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Movies Tech

‘Arrival’: Yes, It’s That Good

Arrivalposter

You may have heard that “Arrival,” a thriller about an alien invasion based on a Ted Chiang short story, has been nominated for eight Oscars.

Yes, it’s that good.

Amy Adams, the protagonist, plays a linguist brought in by the U.S. government to try to communicate with mysterious beings, who have landed in pods around the world.

Longtime readers know how much I love sci-fi.

But this isn’t a hard-core, technologically heavy film. It’s beautifully shot, with exceptional sound, and is really more about life, time and — of course — language.

It’s not a perfect film, if you ask me, but it’s very good.

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Movies

Are Uncontacted Tribes Increasingly Emerging from the Wilderness?

2016 12 30 amazon

I recently watched a short, thought-provoking documentary on Netflix from U.K. broadcaster Channel 4 called “First Contact: Lost Tribe of the Amazon.

It contains some captivating footage of uncontacted tribes in the Amazon, on both the Peruvian and Brazilian sides, emerging from the wilderness.

(Uncontacted people are those with no direct contact with civilization. In parts of the Amazon, laws set aside lands for such people, and forbid outsiders from interacting with them.)

The filmmaker, Angus Macqueen, has written online that the uncontacted people in the documentary have seemed motivated to change their behavior — to venture out of the wilderness — due to:

  1. A need to flee encroachment from illegal loggers and drug runners
  2. A desire to obtain materials they don’t have, like axes and clothing

In addition to raising ethical questions about governmental policies that intentionally keep such people isolated, where they lack basic medical care and often starve, I was wondering:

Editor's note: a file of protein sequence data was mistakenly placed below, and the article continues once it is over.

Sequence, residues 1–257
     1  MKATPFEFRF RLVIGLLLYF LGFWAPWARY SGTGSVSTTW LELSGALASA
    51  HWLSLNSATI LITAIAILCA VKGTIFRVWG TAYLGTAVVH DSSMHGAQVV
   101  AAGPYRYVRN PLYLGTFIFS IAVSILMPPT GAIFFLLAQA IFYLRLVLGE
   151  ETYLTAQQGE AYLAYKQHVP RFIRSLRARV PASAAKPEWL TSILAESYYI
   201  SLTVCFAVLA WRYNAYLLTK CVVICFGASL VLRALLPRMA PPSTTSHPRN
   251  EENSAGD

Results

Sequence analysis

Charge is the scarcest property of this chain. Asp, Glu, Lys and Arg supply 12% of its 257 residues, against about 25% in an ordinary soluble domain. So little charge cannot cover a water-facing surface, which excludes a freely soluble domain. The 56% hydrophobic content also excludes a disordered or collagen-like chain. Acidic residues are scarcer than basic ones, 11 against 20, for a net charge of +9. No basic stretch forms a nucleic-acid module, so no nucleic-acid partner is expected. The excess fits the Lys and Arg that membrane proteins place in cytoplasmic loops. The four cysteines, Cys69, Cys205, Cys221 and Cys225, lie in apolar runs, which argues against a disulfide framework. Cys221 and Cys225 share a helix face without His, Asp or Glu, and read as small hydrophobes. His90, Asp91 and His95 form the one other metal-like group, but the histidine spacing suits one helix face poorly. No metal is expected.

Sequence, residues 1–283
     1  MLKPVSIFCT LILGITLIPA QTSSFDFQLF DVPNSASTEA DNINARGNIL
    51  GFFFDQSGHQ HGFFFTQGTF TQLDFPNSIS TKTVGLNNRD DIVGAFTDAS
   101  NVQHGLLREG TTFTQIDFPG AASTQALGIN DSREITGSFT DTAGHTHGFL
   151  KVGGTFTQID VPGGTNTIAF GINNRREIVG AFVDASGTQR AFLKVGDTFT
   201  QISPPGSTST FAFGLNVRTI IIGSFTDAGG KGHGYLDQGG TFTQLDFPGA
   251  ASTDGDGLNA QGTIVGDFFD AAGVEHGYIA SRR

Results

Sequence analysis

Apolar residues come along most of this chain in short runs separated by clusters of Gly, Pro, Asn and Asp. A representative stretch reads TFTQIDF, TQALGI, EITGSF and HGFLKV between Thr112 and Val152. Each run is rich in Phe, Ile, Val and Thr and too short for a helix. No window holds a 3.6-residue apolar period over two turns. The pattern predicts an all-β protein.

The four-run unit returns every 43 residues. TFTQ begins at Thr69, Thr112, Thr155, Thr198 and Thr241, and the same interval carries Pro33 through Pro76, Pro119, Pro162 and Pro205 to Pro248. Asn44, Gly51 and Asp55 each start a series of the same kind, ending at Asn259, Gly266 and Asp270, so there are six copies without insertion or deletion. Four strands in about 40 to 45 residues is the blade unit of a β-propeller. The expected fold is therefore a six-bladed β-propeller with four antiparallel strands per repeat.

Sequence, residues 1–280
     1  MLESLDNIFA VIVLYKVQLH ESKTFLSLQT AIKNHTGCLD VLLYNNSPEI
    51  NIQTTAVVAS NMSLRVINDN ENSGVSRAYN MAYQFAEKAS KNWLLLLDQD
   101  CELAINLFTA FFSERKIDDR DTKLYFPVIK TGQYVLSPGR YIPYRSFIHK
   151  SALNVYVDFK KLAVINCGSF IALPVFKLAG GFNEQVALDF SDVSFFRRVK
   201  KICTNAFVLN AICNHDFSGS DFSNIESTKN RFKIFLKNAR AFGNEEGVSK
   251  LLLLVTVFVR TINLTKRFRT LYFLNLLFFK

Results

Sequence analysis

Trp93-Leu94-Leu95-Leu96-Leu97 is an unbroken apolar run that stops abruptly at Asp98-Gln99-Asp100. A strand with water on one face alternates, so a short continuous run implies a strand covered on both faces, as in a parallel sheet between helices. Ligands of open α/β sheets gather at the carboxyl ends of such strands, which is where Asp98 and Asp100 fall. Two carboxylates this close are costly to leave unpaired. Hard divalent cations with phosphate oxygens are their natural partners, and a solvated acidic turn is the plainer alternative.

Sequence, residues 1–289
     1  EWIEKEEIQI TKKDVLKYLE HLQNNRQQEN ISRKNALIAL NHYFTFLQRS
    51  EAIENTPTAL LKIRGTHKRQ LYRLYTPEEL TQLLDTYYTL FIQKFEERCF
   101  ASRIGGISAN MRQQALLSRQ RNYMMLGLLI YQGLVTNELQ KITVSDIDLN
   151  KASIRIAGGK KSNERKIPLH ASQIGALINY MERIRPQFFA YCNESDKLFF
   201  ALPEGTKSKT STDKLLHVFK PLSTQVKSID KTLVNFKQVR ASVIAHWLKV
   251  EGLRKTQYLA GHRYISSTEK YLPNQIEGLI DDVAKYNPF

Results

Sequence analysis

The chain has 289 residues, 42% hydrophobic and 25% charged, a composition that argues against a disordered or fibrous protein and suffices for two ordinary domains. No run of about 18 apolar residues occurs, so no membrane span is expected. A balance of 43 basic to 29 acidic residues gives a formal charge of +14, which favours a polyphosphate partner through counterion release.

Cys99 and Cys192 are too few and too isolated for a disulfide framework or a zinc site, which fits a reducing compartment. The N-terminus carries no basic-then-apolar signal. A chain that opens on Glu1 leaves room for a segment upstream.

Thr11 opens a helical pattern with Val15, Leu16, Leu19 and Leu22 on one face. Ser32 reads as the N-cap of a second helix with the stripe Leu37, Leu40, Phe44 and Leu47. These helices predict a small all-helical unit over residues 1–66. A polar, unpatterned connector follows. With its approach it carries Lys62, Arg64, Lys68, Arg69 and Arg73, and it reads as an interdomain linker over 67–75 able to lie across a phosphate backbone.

Are we seeing this phenomenon elsewhere? Is there something larger at play in our increasingly globalized the world? Are other uncontacted people also emerging?

I did a little research, and estimates suggest most uncontacted peoples are located in:

  1. the Amazon, and
  2. New Guinea

The film covers a pocket of the first, but as for the second, I haven’t been able to find any reports of uncontacted people in Asia increasingly venturing out of their lands.

This suggests to me that rather than a global trend, the film shows behavior that is indeed unique to the Amazon.

But maybe I’m missing something? I’ll have to keep investigating.

If you have any thoughts, drop me a line (n @ newley dot com) or leave a comment below.

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Movies

Top Lesser-Known (but Good) Sci-Fi Movies of 2016

Gizmodo has a list of good sci-fi films you might have missed this year.

The only one I’ve seen here is “Midnight Special,” which I thought was solid but not earth-shattering.

I must say I was surprised to see “Swiss Army Man,” which I mentioned back in April, listed here. I just couldn’t get past the trailer. But maybe it’s worth a watch?